– Thrashed out my assignments on Aboriginal art and finished uni for 2015 (much more to come in 2016 though)
– Started my new job in earnest.

But whilst all of the above would make fascinating blog posts, complete with interesting and/or beautiful photos and maybe even some meaningful reflections on art and culture…

…I’m posting now because I am needing to do the whole “today I did this for me” thing again to help me stay positive as I adapt to working very-much-full-time again and try not to lapse back into fatigue. Not very interesting for other people but very much a coping strategy for me!

SO this weekend:
– I got up early on Saturday and cleaned and tidied my house, ran down to Coles to pick up the groceries I pre-ordered online to avoid buying anything that wasn’t FODMAP-friendly (this strategy works wonders for me)
– Met with my new Chinese friend Rinny to smash out 6 (yes SIX) hours of Chinese conversation practice (the new job requires me to be able to talk about archaeology and Chinese history and UNESCO with fluency — isn’t that marvellous?)
– Watched 10 Things I Hate About You
– Read The Graveyard Book by Neil Gaiman (a wonderful hommage to The Jungle Book!)
– Failed to get to Bikram on Sunday morning, due to staying up late reading the above (I have lapsed in my Bikram practice and been maybe twice in three weeks, due to intermittent fatigue + working again being a bit much to combine, but I’m confident I’ll be back soon).
– Met my friend Kerry to see Trainwreck at the cinema (loved it)
– Came home and napped (I’ve been told to schedule naps in the day and not feel bad about it, and you know what, it’s so liberating!)
– Cooked low-FODMAPs coq au vin and ragu for the week’s lunches (plus a ton of white rice and hard-boiled eggs) (and can I just say that coq au vin is out of this world delicious for a low-FODMAPs recipe A+++).

Now it’s 9:30pm and time to wind things up for bed. Goals for the week:

– No panicking
– Practice Chinese every night (and not lazy writing or reading, proper speaking and listening!)
– Whether you think you can, or you think can’t, you’re right… so Rosie, know that you can.
– Maybe squeeze in a Bikram class.

everything where it’s meant to be

I just finished the first week of my first conservation job.

This was a long time coming — three years ago, on an aimless trip to Madrid, I stood in the Prado staring at the conservation labs, and immediately knew, just knew, that was where I needed to be.

Over the following months, I researched and applied for the Masters degree in Conservation at Melbourne University. They accepted me and I discovered the prohibitive cost of studying meant I would have to go part-time and find a job.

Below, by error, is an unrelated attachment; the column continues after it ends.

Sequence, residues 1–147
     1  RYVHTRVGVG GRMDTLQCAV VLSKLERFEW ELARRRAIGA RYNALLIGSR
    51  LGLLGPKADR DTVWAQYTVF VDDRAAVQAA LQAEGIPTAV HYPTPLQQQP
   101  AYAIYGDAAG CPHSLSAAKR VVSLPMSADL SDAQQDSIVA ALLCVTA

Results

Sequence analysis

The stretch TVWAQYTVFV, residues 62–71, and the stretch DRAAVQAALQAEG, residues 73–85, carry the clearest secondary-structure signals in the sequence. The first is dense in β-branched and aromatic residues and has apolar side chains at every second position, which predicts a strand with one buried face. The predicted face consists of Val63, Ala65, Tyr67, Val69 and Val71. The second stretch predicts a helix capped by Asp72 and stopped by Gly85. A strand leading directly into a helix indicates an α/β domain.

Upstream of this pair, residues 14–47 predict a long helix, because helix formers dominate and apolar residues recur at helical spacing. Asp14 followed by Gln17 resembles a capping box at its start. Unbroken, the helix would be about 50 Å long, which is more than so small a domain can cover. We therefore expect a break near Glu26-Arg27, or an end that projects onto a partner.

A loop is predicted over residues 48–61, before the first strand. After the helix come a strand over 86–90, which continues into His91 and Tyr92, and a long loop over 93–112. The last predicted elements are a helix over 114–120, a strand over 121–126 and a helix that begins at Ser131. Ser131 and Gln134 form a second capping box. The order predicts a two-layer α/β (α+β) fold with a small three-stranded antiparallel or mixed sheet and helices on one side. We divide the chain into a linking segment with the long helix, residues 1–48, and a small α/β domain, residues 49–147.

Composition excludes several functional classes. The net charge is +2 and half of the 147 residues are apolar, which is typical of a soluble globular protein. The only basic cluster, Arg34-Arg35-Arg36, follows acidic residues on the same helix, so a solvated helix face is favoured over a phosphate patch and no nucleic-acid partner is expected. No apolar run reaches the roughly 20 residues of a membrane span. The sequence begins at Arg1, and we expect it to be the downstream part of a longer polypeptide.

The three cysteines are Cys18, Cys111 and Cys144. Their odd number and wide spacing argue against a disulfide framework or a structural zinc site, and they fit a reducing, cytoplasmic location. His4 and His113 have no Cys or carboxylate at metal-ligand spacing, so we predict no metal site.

I started working as a lowly account manager in a telemarketing business. It was mind-numbing work, earning barely enough to support myself, so I started working extra hours on any admin or operations projects I could get close to. I worked 10-hour days, and studied in the evenings and on weekends, and when an opportunity arose I jumped and wriggled my way into a position that eventually became Operations Manager, and was salaried enough to pay for university.

For two years I worked so hard, spending 50+ hours a week at the office, whilst trying to console myself with the 8 weeks a year I got to spend at university. I am proud of myself for getting excellent marks all the way through that time (who can forget that 95 I got on my essay on conservation in areas of conflict? I certainly never will!), while simultaneously my diligence at work was increasingly recognised and rewarded.

But I was getting so sick. So anxious. So tired. My ulcerative colitis tripled in spread over those two years, and my doctors kept telling me to do less, work less, study less. I had to make a choice, and I thought the best thing to do would be to put university on hold for a year, negotiate a stiff raise, and save enough money to go back to school full time the following year.

That was a huge mistake, although even with hindsight I don’t know what else I could have done. Without my studies to keep the spark inside of me alive, I wilted. I burnt out. I went from being undeniably the hardest-working, most dedicated and capable person in our office, to someone who could hardly function. Of course, by most people’s standards, I continued to be a competent and reliable worker, but inside, I was boiling up with anxiety and anger and frustration and depression.

So I quit. I didn’t know how I would make things work without my big paycheck, but I knew I couldn’t go on, not even for a few more months. It took under 6 weeks (for 2 of which I was on holiday in Taiwan) to recruit and train my replacement, so I barely had time to gather my thoughts, when here I stood, unemployed, ready to apply for the dole for the first time in my almost-32 years.

My thoughts, when I gathered them, oscillated between terrified and relieved. I didn’t get to dwell on them for very long, however, as less than a week after leaving my job, I had been hired for a 2-week stint at the National Archives of Australia as a paper conservator, to clean 821 boxes of mould-covered books.

The night before I started my new job, my AirBnb hosts here in Sydney asked me if I was nervous. How could I be nervous? How could I be anything but elated? No, I was thrilled.

But the joy I felt before my job is nothing compared to the deep-seated happiness and satisfaction I am experiencing now I have my first week (and my first week’s paycheck!) under my belt. I knew this was my calling, so I am not surprised, but I am discovering how many ways this work is just made for me, I am made for it, and it is the most fulfilling occupation that I could ever conceive, no matter how humble the work at hand. It just fits. And even when it’s tedious, even when it’s physically exhausting, I will never take that for granted, thanks to the years spent in offices doing work I despised.